Group Three IB History SL Level 3 at Dartford Grammar School
Standard Level: Twentieth Century World History: Paper 1: Peacemaking, Peacekeeping—International Relations 1918–36; Paper 2: focusing on two topics: Causes, Practices and Effects of War and Origins and Development of Authoritarian and Single-party States.
Students will normally be expected to achieve at least 3 A grades and 4 B grades at GCSE. They will be required to have A grades in the subjects they are going to study at Higher Level (A* grade in Mathematics). In the case of a subject not studied at GCSE, a grade A will be required in a related subject.
1 hour source-based written paper. Four questions to be answered. Worth 20% of the final level.
1 hour source-based written paper. Four questions to be answered. Worth 30% of the final level.
1.5 hour written paper. Two essay questions to be answered. Worth 25% of the final level.
1.5 hour written paper. Two essay questions to be answered. Worth 45% of the final level.
2.5 hours. Three essay questions to be answered. Worth 35% of the final level.
One piece of coursework of 1500-2000 words. Worth 20% of the final level.
One piece of coursework of 1500-2000 words. Worth 25% of the final level.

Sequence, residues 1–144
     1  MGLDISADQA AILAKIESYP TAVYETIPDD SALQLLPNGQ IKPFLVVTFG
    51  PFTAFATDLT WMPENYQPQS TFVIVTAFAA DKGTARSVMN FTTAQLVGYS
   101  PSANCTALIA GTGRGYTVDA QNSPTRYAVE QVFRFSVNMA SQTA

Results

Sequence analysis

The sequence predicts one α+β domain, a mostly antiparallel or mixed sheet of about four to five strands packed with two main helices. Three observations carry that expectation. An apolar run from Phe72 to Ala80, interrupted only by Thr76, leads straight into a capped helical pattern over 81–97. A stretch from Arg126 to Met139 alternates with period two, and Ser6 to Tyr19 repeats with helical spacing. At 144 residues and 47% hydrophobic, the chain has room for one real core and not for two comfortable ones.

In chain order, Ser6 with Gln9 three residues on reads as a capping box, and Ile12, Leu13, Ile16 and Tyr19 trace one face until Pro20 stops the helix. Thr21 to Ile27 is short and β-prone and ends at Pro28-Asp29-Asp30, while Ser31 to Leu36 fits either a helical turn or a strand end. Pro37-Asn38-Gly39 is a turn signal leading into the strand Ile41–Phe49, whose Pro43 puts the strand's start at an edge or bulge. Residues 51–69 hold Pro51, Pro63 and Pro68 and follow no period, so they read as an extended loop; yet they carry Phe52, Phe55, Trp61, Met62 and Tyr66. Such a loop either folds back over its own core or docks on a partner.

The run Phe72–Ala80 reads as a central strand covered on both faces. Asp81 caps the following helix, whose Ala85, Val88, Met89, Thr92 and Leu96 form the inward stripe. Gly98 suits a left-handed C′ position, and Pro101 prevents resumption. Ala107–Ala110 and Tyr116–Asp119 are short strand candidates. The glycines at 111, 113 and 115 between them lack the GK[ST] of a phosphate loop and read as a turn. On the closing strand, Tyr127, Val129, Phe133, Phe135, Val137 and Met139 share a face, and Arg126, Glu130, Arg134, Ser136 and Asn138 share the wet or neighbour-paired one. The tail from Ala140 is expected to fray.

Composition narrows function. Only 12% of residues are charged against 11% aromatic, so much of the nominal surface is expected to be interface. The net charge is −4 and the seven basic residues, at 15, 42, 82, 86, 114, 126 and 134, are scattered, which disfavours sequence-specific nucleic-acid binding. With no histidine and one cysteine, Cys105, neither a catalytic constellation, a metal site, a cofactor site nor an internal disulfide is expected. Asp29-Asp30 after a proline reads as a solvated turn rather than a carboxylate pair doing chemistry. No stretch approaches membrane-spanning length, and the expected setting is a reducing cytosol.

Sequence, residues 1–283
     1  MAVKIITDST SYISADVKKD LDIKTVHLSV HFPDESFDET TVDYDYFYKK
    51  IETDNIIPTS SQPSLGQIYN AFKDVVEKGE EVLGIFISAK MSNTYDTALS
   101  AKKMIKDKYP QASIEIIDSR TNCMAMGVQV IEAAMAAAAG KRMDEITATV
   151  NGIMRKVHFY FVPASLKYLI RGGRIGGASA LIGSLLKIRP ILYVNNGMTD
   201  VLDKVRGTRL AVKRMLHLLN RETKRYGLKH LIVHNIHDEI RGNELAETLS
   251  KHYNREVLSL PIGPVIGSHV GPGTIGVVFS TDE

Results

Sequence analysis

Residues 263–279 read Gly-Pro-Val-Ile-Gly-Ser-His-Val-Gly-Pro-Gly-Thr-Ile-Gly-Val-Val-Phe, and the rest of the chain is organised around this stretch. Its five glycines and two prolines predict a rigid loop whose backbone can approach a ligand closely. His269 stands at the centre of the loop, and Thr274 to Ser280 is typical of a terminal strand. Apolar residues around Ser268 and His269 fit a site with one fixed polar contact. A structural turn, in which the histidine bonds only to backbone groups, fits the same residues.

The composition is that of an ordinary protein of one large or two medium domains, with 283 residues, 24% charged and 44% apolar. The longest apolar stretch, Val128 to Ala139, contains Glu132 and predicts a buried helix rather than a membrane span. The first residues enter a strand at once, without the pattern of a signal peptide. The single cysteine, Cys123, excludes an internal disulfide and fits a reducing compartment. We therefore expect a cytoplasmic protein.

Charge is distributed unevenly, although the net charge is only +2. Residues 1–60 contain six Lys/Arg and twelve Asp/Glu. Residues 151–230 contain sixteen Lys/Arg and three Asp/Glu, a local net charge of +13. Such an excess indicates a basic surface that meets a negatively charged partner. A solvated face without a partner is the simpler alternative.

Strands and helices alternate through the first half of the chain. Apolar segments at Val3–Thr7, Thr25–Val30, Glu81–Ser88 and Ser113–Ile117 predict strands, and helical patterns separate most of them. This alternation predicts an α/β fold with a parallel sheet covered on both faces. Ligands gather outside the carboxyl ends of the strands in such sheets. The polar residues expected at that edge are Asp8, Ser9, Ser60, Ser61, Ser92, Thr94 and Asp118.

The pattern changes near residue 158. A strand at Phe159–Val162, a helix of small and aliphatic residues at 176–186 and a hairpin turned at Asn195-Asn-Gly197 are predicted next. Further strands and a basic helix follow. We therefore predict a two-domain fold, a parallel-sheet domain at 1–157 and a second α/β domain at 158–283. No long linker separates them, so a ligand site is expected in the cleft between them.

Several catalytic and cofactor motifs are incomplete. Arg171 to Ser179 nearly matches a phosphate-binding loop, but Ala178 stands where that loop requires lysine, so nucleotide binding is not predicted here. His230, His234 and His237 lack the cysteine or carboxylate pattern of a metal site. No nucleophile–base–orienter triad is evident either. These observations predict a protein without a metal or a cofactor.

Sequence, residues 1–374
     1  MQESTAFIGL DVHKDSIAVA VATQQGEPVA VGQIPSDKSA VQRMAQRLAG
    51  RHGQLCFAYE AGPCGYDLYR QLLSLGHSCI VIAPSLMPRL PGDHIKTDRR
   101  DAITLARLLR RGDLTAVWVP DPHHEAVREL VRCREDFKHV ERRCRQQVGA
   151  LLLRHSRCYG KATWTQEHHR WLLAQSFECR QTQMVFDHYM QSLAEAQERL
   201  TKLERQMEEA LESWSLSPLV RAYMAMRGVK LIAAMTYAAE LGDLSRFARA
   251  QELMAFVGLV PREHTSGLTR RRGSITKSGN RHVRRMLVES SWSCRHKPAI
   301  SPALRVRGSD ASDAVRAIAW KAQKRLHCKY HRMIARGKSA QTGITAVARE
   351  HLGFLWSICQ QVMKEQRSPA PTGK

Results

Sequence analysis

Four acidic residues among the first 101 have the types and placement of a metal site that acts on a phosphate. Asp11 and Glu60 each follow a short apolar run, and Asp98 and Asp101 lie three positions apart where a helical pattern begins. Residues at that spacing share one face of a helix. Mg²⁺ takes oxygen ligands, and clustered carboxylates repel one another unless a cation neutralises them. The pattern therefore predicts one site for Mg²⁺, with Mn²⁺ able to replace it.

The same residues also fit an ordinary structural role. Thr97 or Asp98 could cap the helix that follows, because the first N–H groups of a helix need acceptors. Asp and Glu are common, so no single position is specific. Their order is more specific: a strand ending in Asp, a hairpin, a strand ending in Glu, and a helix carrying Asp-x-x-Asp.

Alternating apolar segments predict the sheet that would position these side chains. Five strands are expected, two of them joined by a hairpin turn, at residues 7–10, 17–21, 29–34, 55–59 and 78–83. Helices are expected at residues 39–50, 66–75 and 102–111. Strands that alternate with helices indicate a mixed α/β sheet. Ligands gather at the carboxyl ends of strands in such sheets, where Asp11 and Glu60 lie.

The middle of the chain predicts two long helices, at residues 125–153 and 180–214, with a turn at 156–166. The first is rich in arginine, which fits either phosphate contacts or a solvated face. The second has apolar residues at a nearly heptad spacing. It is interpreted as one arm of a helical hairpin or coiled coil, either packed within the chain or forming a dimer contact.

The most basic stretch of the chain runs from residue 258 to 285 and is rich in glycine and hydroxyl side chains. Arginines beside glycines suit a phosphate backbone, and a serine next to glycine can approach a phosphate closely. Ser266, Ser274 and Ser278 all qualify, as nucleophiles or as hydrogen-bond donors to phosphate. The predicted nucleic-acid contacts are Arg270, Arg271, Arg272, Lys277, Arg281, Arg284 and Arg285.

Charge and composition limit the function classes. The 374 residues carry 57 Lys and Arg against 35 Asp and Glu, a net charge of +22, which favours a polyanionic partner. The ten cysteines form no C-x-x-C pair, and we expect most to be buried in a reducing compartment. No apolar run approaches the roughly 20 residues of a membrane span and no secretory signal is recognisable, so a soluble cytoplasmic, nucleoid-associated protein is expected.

* Papers 1 and 2 are common papers to both Standard and Higher Level.
Where will it lead?
The wide variety of transferable skills are much sought after by employers; many business leaders studied History at university. The study of history leads to the university study of, for example, Law, Journalism, Education, Management and Politics.
What skills will you gain?
Students of History will learn to analyse complex events and to understand them. They will learn not only what happened but how and why it happened and will be taught to read evidence critically, learning how to identify significant facts and issues from the mass of details. Through written work students will be able to develop clarity and persuasiveness in communication. They will be encouraged to play an active part in discussion, to research topics and present their findings.
Why study this subject?
‘History combines the excitement of exploration and discovery with the sense of reward born of successfully confronting and making sense of complex and challenging problems.’ [Professor Frank Luttmer, 1996]
Gathering up facts about the past is quite easy but making sense of them is more of a challenge. History is about people, students of this subject learn to understand what has shaped the time we live in. While learning about the past students will acquire a range of useful and valuable analytical skills, the ability to identify what is important in a complex situation and to distinguish reasoned argument from prejudice and propaganda. The coursework element is an important opportunity to develop research skills that will be useful both at university and in employment.
How to apply
You can apply for this course through UCAS Progress. Add this course to your favourites so you can start making an application.